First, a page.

As of September 2015, CTD included more than 27 million chemical-gene-disease connections. Additionally, over 660 publications now cite CTD data, and 60 other databases incorporate and promote CTD content, greatly enhancing access to the information and increasing the global reach of the resource. “The success of this project is really a reflection of an amazing and dedicated group of biocurators and software developers,” noted Mattingly.

Integrating Exposure Data to Provide Real-World Context

In 2014, CTD marked its 10-year anniversary. Moving forward, Mattingly and her team are expanding the scope of CTD content. One area of expansion includes curation and integration of exposure data into CTD.

“One of the major challenges with integrating exposure data into CTD was the lack of a standardized vocabulary to describe the diverse range and study designs for exposure data,” explained Mattingly. “You can’t start curating the data without some kind of structure.” To bridge this gap, Mattingly and colleagues worked with exposure scientists to develop a standardized framework, or Exposure Ontology (ExO), which has since allowed them to begin incorporating exposure data into CTD.

By providing researchers information from population-based exposure studies – such as dose, life stage at exposure, and population demographics – the exposure data adds real-world context to the more experimentally based core chemical-gene-disease data already in CTD. Furthermore, by virtue of integrating exposure data into CTD, the exposure science community will now have a resource that not only centralizes its data but connects the data to a broader biological and mechanistic framework.

“Typically, exposure epidemiology studies examine exposure-disease relationships but don’t have associated mechanism-based data,” explained Mattingly. “The overlap between the exposure data we are curating now and the core chemical-gene-disease information we have been curating all along will provide new opportunities for researchers to explore potential mechanisms of environmentally-influenced health outcomes.” For example, a researcher interested in an epidemiology study linking organophosphate pesticide exposure with reduced IQ can now access all core CTD data associated with that pesticide, including associated genes, proteins, and molecular pathways. This may provide researchers a potential mechanistic link explaining how the pesticide exposure leads to reduced IQ.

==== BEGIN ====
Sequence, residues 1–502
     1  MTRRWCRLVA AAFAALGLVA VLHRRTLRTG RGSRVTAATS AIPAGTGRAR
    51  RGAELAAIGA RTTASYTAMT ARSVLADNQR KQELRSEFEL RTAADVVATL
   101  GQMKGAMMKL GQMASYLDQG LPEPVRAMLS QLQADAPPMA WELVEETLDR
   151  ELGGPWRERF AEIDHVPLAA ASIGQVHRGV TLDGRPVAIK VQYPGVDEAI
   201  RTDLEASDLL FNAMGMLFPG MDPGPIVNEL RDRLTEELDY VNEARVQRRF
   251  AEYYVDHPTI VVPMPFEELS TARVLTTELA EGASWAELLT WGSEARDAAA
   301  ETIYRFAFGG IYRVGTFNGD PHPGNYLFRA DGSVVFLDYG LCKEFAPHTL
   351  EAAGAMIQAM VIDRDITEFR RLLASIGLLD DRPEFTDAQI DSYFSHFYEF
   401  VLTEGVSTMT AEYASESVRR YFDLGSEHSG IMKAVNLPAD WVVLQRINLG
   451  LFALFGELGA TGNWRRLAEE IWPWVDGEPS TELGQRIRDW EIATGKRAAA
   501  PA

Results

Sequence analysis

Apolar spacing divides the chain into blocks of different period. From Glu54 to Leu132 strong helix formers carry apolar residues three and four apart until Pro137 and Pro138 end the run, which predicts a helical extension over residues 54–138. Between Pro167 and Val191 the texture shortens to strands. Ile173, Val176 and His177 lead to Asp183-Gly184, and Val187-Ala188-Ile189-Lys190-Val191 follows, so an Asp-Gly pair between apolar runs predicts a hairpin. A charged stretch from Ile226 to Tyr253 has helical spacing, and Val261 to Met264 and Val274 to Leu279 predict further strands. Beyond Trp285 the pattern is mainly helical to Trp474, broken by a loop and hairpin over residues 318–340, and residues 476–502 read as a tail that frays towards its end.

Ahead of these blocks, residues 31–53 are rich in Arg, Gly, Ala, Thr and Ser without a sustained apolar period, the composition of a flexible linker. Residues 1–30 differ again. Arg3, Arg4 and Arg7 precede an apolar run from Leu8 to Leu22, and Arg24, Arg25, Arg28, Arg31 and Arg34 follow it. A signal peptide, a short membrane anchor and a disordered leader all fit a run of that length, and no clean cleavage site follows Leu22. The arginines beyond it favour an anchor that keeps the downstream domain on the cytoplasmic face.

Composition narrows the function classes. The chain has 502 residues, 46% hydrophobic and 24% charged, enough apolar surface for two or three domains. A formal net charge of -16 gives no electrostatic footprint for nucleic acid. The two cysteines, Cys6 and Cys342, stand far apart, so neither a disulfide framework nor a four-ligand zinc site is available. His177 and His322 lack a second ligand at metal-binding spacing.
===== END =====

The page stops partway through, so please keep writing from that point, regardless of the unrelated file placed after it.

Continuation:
The curation and integration of exposure data into CTD is an ongoing process. To date, Mattingly and her team of biocurators have reviewed almost 2,000 publications and have curated data from approximately 1,300 publications into the database. Moving forward, they will be developing new tools within CTD to facilitate novel analyses and visualization of data within and across large population-based studies. Recently, the team curated the 111 individual exposure publications related to the Agricultural Health Study. The CTD team will continue to seek feedback from the environmental health research community to ensure that the database remains a current and valuable research resource.

Selected Publications